See GM and Purdue Pharma (telling doctors that risk of opioid addiction from Oxycodone and Oxcontin – which the’ve made 15 billion in profits on since the 90s – was les than 1% when they had internal dos proving otherwise and at least 780,000 Americans have died from opioid overdoses).

    Contrast that with how German Gov’t is has treated VW/Audi dieselgate.

    Toxins at unsafe levels in drinking water, John Deere gets represent Farmers from repairing John Deere AG Machinery that they purchased – read about that today – Americans have no privacy rights as tech sector and gov’t have decimated 4th Amendment, etc.)



    • 0 avatar

      I have doubts that no one in the German government bureaucracies knew nothing was flaky with the emissions tests. Whether they were complicit or not, whether they took bribes or not, I find it hard to believe that no one knew nuthink.

    • 0 avatar

      Corporations and Government are relentlessly f*cking you over, chipping away at whatever rights, freedoms or leverage as a consumer or citizen that you have left:

      John Deere Just Swindled Farmers Out of Their Right to Repair

      “The fight for our right to repair the stuff we own has suffered a huge setback.

      As anyone who repairs electronics knows, keeping a device in working order often means fixing both its hardware and software. But a big California farmers’ lobbying group just blithely signed away farmers’ right to access or modify the source code of any farm equipment software. As an organization representing 2.5 million California agriculture jobs, the California Farm Bureau gave up the right to purchase repair parts without going through a dealer. Farmers can’t change engine settings, can’t retrofit old equipment with new features, and can’t modify their tractors to meet new environmental standards on their own. Worse, the lobbyists are calling it a victory.”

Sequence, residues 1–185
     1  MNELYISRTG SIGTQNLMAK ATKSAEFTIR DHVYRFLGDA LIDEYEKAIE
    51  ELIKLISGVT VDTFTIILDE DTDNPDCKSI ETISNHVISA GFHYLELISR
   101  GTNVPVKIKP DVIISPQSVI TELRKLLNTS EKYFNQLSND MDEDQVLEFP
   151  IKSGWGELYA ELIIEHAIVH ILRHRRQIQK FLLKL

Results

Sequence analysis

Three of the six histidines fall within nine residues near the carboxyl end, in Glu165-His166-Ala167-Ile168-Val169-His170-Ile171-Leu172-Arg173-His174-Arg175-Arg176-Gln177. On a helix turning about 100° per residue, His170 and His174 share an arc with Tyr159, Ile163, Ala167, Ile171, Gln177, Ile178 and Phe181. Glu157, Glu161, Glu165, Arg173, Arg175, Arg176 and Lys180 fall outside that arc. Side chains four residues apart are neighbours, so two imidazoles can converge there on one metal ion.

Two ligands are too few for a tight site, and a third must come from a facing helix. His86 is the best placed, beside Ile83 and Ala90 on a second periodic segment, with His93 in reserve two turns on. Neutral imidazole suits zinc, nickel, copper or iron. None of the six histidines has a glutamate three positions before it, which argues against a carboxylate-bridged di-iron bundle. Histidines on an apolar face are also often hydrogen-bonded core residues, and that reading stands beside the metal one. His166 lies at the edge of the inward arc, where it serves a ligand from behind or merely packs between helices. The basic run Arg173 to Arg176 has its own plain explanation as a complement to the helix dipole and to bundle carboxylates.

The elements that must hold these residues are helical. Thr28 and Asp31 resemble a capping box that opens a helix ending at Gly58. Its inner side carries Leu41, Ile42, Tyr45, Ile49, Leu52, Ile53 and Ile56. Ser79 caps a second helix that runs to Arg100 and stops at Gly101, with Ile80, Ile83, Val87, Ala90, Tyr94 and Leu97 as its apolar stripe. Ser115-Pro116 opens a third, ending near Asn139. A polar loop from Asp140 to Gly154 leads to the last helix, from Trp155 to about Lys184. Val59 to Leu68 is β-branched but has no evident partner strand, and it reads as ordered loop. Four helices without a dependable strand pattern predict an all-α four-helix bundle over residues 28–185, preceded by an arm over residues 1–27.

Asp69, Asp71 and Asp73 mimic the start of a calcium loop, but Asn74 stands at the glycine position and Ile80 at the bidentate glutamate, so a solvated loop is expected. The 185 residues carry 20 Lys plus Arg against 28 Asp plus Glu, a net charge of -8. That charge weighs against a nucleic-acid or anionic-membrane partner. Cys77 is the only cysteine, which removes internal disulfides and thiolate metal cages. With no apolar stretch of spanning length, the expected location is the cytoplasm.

Origins of an Epidemic: Purdue Pharma Knew Its Opioids Were Widely Abused

      “A confidential Justice Department report found the company was aware early on that OxyContin was being crushed and snorted for its powerful narcotic, but continued to promote it as less addictive.”

    • 0 avatar

      I agree that big companies get away with stuff, and NO ONE goes to jail. Ever.

      But, I don’t think GM was malicious. Certainly nothing like the 1960-63 Corvair, or the Pinto gas tank.

      I don’t think Toyota or Audi were malicious with their gas pedals.

      Wells Fargo…crooks. THEY should be boycotted.

      The 2008 financial crisis: lots of wrongdoing, no one went to jail.

  • avatar

    Not an excuse, but pre-bailout GM is a whole different animal than 2018 GM. I’m glad Barra fired those responsible, just too bad jail time hasn’t followed for them. Knowing about a deathtrap and choosing to do nothing is blatant manslaughter IMO.

    People talk about deregulation and scaling back federal oversight, but the fact remains that if you rely solely on the good will of billion dollar corporations to have consumers’ best interests and safety in mind, you’re just kidding yourself.

    • 0 avatar

      Another argument is that the buyers of these affected cars always had the choice to buy, or not to buy.

      People who buy GM deserve every thing they get, good, bad, or indifferent.

      (I started off in life as a GM fan. Oldsmobile was my passion before I knew better.)

  • avatar

    Agreed, that relying on corporations is naïve.